SpaceX CEO Elon Musk reacts to Starlink Train satellites’ controversies

The founder of the giant SpaceX, Elon Musk has recently launched 60 satellites to add to the Starlink Train project. However, controversies had risen, and Musk is opting for an appropriate solution.

 The satellite project is said to provide internet access even to the remotest place in the earth, and the only way possible is to install thousands of them.

Main controversy 

Just last week, there were only 360 Starlink satellites in the earth’s orbit but concerned individuals have spoken out. SpaceX’s ultimate goal is to install 42,000 orbiting satellites to ensure that Starlink project will deliver access to the internet from the US to Antarctica.

The community of astronomers has called out the attention of Elon Musk for the reason that the satellites will impact the accuracy of their data. The satellites produce too many bright lights which will only make it hard for astronomers to do astronomical observation. 

On the other hand, the environmentalists are more concerned with the effect of the installation of the space environment. The possible collision of the Starlink trains will produce the Kessler Syndrome.  

The high rate of pollution caused by the satellites will cause a chain reaction of a collision of objects in space. The result will be the destruction of life itself. 

Elon Musk offers a solution to the Starlink controversy

Although Elon Musk had assured the astronomical community that the Starlink satellites will not be a threat to the astronomical observation, the consistent bright lights will only create artificial points of light.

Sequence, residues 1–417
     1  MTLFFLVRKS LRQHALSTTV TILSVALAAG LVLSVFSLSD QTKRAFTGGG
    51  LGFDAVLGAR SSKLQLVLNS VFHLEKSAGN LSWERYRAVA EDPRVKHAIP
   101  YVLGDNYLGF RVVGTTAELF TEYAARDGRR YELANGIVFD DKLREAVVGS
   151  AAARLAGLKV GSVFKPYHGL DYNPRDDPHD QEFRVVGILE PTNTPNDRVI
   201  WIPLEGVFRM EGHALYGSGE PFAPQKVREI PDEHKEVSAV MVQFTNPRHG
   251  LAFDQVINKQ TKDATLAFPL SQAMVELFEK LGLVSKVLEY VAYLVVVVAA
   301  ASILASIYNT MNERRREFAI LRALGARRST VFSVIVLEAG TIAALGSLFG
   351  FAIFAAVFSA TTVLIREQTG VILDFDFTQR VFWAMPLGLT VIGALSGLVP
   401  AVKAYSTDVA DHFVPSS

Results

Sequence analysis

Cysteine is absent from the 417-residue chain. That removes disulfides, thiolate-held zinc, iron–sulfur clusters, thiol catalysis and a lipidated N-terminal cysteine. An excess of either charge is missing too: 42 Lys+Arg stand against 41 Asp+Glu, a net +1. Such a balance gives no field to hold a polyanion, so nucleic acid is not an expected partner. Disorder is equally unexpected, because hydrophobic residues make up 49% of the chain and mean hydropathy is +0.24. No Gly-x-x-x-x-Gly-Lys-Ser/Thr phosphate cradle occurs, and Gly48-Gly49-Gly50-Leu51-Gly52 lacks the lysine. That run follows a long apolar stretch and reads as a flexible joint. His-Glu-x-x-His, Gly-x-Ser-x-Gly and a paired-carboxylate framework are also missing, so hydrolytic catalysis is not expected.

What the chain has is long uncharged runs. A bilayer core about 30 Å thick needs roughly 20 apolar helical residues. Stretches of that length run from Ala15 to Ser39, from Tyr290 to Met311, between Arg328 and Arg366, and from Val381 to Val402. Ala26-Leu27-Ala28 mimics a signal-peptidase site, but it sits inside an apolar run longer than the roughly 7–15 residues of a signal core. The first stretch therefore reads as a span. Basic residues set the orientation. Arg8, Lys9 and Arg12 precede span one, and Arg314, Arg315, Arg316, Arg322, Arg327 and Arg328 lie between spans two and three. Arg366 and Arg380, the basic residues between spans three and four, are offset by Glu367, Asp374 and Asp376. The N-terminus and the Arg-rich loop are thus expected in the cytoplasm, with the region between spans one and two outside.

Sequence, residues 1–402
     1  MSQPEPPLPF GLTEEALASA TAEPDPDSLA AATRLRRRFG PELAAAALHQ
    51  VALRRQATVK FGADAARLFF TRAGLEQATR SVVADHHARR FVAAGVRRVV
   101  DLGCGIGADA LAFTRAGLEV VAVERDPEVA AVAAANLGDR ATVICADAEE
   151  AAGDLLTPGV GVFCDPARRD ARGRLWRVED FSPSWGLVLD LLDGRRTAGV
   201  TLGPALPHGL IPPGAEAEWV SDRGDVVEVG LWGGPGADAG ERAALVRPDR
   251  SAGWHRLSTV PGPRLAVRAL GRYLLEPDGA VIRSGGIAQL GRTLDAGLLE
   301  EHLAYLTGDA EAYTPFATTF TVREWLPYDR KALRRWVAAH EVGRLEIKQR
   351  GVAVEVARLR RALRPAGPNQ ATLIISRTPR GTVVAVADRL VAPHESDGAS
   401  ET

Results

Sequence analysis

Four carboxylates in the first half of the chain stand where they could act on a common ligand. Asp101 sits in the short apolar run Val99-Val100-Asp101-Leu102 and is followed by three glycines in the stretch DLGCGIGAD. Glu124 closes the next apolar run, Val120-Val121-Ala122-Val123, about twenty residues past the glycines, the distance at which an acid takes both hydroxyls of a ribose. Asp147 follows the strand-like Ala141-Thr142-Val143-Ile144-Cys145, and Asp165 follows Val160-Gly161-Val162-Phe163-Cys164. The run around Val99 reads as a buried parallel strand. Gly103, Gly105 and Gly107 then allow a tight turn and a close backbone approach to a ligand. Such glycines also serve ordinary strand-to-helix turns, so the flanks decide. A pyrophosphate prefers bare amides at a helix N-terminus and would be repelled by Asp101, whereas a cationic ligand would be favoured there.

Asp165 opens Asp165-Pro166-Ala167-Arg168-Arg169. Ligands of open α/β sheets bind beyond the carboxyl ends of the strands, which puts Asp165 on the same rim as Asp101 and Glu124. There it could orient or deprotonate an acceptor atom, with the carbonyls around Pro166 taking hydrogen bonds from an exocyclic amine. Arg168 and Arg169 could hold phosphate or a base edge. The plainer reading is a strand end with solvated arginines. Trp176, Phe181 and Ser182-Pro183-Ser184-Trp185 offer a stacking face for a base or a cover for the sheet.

In response, Elon Musk will take necessary steps and corrective measures to address the problem. SpaceX is now running a series of experiments to produce darkened satellites instead of the bright white ones. 

 

Furthermore, the satellites will reduce the bright lights once the solar panels have been positioned at different angles.

Broadband beta testing for internet access to start soon 

With the successful installation of the satellites, SpaceX has already installed 400 flying routers in space.  Musk announced on Wednesday,

“private beta” test of the service will begin in about three months, followed by a public beta about three months later for testers at northern latitudes. 

With the demand for internet access due to the coronavirus pandemic, Musk will increase the number of satellites to generate cheaper, low latency broadband across the planet.  

It appears that Musk will first provide the service to Germany to northern Europe, Canada, and most of the US. Moreover, the increasing concern of the astronomers and scientists will have to be addressed by Elon Musk.  

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Image Courtesy of Real Engineering/Youtube Screenshot

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